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A storytelling path

By January 24, 2021September 16th, 2023No Comments

By Allison Campbell-Jensen

Ann PflaumAnn Pflaum, who later conducted many oral history interviews, began her career at the University, fittingly, with a conversation. It was 1975 and she had recently earned her Ph.D. in history at the U. She was talking with a client of her lawyer husband and said: “If you hear of something open at the U . . ..” This was in February 1976.

“Can you come March 1?” he asked. “We have something called Title IX. It requires a study of the entire institution in terms of access for women. . . . And we’re way behind.” (From Interview with Ann Pflaum by Clarke A. Chambers, UDC, p. 7.) While investigating how to bring the University into line with gender equity standards, Pflaum and other task force members flew or drove to the other campuses around the state. At one point, the federal government’s work to ensure access for those with disabilities also was folded into her work.

At the technically oriented Waseca campus, she went into a welding lab to probe into whether people with disabilities could access the lab. One man pulled up his welding mask and said, “We haven’t had a handicapped [person] but we had a girl once.” (Interview, p. 17) The experience helped her become more aware, she says, of “how tilted the world was.”

Next steps

“I’m just an everyday citizen who has had the chance to tell wonderful stories.”

—Ann Pflaum

Following the completion of reports on Title IX and access, she was offered a position as Associate Dean of what is now known as the College of Continuing and Professional Studies. It became, Pflaum says, one of the biggest and most profitable of such programs in the country.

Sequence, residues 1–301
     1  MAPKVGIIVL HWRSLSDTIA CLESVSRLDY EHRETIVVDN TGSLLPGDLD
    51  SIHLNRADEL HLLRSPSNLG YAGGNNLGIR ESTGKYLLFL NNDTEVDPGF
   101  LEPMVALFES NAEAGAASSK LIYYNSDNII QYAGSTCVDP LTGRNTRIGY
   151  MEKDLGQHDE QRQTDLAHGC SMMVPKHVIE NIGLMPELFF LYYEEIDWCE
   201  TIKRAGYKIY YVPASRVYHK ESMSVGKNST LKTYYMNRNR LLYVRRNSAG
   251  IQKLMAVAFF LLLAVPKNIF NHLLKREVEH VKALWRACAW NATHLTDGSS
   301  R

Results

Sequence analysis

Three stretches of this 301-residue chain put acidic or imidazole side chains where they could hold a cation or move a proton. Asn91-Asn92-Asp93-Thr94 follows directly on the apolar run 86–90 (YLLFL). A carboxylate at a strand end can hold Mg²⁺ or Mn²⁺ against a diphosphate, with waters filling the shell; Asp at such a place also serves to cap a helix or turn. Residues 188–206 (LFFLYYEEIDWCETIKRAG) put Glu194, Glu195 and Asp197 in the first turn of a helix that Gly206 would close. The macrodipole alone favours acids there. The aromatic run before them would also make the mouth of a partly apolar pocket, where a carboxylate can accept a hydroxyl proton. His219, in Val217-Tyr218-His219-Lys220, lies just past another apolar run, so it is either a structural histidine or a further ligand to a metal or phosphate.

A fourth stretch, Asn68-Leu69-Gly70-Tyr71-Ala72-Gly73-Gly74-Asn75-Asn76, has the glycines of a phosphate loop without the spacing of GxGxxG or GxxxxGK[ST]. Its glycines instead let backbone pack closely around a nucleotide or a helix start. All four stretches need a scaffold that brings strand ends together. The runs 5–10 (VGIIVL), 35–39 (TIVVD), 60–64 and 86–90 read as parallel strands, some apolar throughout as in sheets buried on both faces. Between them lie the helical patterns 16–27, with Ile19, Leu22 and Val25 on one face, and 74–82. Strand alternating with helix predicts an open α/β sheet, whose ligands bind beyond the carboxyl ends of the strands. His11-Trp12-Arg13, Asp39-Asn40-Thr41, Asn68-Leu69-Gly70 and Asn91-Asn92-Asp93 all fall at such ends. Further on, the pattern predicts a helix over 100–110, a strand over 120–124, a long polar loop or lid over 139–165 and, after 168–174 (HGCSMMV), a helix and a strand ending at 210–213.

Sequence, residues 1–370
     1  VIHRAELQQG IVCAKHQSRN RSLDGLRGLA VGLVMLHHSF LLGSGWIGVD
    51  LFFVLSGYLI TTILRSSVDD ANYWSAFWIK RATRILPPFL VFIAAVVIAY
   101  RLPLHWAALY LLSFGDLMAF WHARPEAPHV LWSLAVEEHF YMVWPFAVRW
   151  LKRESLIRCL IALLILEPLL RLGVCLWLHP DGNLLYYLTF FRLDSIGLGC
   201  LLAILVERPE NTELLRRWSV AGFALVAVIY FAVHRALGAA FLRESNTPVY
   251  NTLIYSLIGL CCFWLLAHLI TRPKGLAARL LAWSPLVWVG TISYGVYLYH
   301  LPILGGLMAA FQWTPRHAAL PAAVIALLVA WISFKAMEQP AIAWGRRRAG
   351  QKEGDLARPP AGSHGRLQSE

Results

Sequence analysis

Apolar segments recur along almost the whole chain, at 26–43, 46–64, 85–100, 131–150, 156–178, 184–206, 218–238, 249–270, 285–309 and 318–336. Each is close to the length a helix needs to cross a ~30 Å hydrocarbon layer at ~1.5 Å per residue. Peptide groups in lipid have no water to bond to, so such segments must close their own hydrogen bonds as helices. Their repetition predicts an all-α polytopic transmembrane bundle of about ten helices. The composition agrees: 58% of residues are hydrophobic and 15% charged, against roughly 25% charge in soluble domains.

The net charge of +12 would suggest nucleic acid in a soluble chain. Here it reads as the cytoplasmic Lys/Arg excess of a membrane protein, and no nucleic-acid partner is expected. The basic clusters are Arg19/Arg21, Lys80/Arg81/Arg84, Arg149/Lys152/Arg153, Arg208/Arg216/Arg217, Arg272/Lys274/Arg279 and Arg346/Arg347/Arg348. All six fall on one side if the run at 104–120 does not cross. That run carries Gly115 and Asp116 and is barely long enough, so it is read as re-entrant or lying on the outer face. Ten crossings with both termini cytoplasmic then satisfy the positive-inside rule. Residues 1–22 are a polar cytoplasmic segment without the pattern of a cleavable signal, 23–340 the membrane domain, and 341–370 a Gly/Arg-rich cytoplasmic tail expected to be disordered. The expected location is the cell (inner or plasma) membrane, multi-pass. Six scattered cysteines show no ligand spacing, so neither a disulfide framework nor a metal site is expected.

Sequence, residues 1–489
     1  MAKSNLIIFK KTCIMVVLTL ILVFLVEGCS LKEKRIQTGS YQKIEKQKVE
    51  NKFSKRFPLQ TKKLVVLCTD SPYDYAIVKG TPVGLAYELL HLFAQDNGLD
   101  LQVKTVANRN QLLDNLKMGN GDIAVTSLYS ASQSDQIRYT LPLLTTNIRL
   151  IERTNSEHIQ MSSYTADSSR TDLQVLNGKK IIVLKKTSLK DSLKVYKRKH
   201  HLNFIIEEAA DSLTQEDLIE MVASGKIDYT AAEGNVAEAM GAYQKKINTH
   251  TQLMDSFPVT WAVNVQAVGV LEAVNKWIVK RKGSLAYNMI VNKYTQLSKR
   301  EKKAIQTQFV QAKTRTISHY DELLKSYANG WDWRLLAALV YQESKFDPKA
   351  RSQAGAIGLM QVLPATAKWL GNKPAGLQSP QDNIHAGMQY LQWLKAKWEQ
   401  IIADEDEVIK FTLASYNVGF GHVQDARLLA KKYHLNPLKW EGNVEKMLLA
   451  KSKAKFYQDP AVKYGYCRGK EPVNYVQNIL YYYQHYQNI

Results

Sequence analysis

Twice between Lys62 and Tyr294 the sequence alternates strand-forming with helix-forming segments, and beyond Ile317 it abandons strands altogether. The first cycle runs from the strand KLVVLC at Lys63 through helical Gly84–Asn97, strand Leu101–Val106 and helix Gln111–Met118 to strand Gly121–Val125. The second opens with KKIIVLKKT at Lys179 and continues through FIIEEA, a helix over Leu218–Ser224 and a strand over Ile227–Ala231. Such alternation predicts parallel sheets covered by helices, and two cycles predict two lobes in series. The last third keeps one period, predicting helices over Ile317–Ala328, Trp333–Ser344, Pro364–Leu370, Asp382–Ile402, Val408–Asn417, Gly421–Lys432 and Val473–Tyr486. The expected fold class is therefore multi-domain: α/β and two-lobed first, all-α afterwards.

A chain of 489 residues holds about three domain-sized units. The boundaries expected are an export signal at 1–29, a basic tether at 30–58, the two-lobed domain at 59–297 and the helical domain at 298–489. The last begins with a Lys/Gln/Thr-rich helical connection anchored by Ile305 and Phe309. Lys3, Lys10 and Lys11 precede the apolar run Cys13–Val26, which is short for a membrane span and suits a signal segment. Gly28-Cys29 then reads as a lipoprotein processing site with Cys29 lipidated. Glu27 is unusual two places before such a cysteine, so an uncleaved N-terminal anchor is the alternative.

She also took on strategic planning for a time. Then, in 2000, Plfaum was commissioned with Stanford Lehmberg to write a book on the U’s history, “The University of Minnesota, 1945-2000.” The book was based on oral histories; she very much enjoyed interviewing people about their experiences at the University.

As the University Historian, she continued after the book was published interviewing people who had done outstanding things or were interesting in other ways and the putting the oral histories in the University Archives.

One of the people she met along the way was Piet Kolthoff, who came from the Netherlands to the University in 1927, and is considered the founder of modern analytical chemistry. (Kolthoff Hall is named for him.) He was a bachelor and lived on the fourth floor of the Campus Club in a private room. One Christmas Day, he called Pflaum: “They’ve locked the kitchen and I can’t get my holiday meal!” She reassured him: “I’ll call the University Police and they’ll let you in.”

Connecting the University and Friends

Now, Pflaum reflects, she finds it interesting how important the University is to the state. “We’re a greater place than we realize and yet we are very modest about it.”

She speaks of her role on the Friends of the University Libraries Board with humility,too. No doubt recruited for her years serving as the U’s historian, Pflaum says: “I’m very small . . . the heroes are the chairs and co-chairs.

“I’m just an everyday citizen who has had the chance to tell wonderful stories.”


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